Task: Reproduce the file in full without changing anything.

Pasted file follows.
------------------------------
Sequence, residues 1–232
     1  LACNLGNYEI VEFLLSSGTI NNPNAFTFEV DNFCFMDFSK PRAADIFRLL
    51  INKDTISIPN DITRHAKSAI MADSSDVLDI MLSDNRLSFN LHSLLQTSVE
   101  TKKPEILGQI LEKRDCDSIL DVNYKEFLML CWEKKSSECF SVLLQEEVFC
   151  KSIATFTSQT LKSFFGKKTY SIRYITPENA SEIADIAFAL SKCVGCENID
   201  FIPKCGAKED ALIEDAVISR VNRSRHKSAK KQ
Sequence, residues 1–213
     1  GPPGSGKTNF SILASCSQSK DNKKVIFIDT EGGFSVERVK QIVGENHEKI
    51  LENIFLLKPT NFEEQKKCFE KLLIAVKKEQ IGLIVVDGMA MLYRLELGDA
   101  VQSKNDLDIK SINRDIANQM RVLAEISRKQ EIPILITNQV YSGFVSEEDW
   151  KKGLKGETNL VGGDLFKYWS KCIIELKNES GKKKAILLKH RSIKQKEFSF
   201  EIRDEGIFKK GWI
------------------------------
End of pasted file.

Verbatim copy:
Sequence, residues 1–232
     1  LACNLGNYEI VEFLLSSGTI NNPNAFTFEV DNFCFMDFSK PRAADIFRLL
    51  INKDTISIPN DITRHAKSAI MADSSDVLDI MLSDNRLSFN LHSLLQTSVE
   101  TKKPEILGQI LEKRDCDSIL DVNYKEFLML CWEKKSSECF SVLLQEEVFC
   151  KSIATFTSQT LKSFFGKKTY SIRYITPENA SEIADIAFAL SKCVGCENID
   201  FIPKCGAKED ALIEDAVISR VNRSRHKSAK KQ
Sequence, residues 1–213
     1  GPPGSGKTNF SILASCSQSK DNKKVIFIDT EGGFSVERVK QIVGENHEKI
    51  LENIFLLKPT NFEEQKKCFE KLLIAVKKEQ IGLIVVDGMA MLYRLELGDA
   101  VQSKNDLDIK SINRDIANQM RVLAEISRKQ EIPILITNQV YSGFVSEEDW
   151  KKGLKGETNL VGGDLFKYWS KCIIELKNES GKKKAILLKH RSIKQKEFSF
   201  EIRDEGIFKK GWI